83rd INFANTRY DIVISION RADIOS TO RUSSIANS EAST OF THE ELBE

By Wade Jones

Stars and Stripes Staff Writer

From the April 26, 1945 Edition of Stars and Stripes

WITH 83rd INFANTRY DIVISION EAST OF ELBE. April 25 (Delayed).—“American friends! American friends!” were the first words spoken by Russian tankers as communication between Red Army forces southwest of Berlin and U.S. Ninth Army troops on the east bank of the Elbe was established yesterday.



83rd infantry division

Insignia of the 83rd Infantry Division

Russian Lt. Theo Prissjuschnjun, recently liberated from a German prison camp, was speaking by radio to west-driving Russian tankmen only a few miles away when he received the message.

Visibly unnerved and weakened by two years of Nazi imprisonment, he stammered out in reply: “This is the American 83rd Div., this is the American 83rd Div.”

For 27 hours the Russian-liaison officer had sat by the field radio outside of the 329th Regt. CP calling hoarsely to the Russian forces known to be advancing toward the bridgehead across the Elbe, apparently the closest to the Red Army west of Berlin.

When Col. Edwin B. Crabill, of Galak, Va., speaking through the Russian officer interpreter, asked the Soviets whether they could meet us in the town of—at a certain time today the answer was:

“That town is held by the Germans. We are still fighting a war you know, and will have to fight our way to it.”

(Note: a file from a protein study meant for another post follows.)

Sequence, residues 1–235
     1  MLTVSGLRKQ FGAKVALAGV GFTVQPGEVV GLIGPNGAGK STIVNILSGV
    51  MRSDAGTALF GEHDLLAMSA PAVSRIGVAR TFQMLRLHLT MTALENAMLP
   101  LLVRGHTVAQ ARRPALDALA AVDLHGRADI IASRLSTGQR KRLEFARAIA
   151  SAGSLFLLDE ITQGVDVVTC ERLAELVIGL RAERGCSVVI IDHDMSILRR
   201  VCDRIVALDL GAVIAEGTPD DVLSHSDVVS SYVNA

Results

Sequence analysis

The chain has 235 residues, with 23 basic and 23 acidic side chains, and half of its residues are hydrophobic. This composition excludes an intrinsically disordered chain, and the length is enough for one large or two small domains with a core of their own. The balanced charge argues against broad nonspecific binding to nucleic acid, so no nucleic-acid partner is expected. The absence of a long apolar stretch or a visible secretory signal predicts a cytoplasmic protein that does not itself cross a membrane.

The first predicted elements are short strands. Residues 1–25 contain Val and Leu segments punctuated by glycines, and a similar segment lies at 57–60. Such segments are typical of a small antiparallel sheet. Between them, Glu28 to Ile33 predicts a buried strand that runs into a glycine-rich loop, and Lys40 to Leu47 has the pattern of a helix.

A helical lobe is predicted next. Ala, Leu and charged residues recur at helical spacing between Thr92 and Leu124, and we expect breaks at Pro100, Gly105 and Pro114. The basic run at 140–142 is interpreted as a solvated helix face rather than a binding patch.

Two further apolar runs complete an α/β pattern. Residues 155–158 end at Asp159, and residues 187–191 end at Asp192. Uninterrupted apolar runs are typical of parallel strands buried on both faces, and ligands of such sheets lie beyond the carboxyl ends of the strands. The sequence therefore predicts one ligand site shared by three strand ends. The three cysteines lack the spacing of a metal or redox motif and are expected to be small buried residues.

The interpreter grinned and said “They are kidding us a little—but they are very excited and happy about talking to us.”

Then, the interpreter said he could hear the radioman in the tank tell nearby tanks to keep off the frequency he was using.

“I’ve got Americans here and I’m going to talk to them,” the tankman said. “You other tanks keep off the air.”

The Russian tankman asked for the number of the American outfit he was talking to and the name of its commander. The reply went back:

The 83rd Div. commanded by Maj. Gen. Robert Macon, of Washington, D.C.”

Tanker Relays Information

Over the radio we could hear the tankman relaying the information back to a higher headquarters.

The Russian interpreter here gave our location and asked for the Russian tankers location and the name if his divisional commander. He was informed that a clearance for this information would have to be obtained from headquarters, but that shouldn’t take long. It took a little longer than was expected, for no reply had been received as of last midnight.  



elbe linkup wwii soldier russian american

A Russian tanker embraces and American Soldier after linking up at the Elbe River.



For Further Reading Check Out:

Armageddon: The Battle for Germany, 1944-1945




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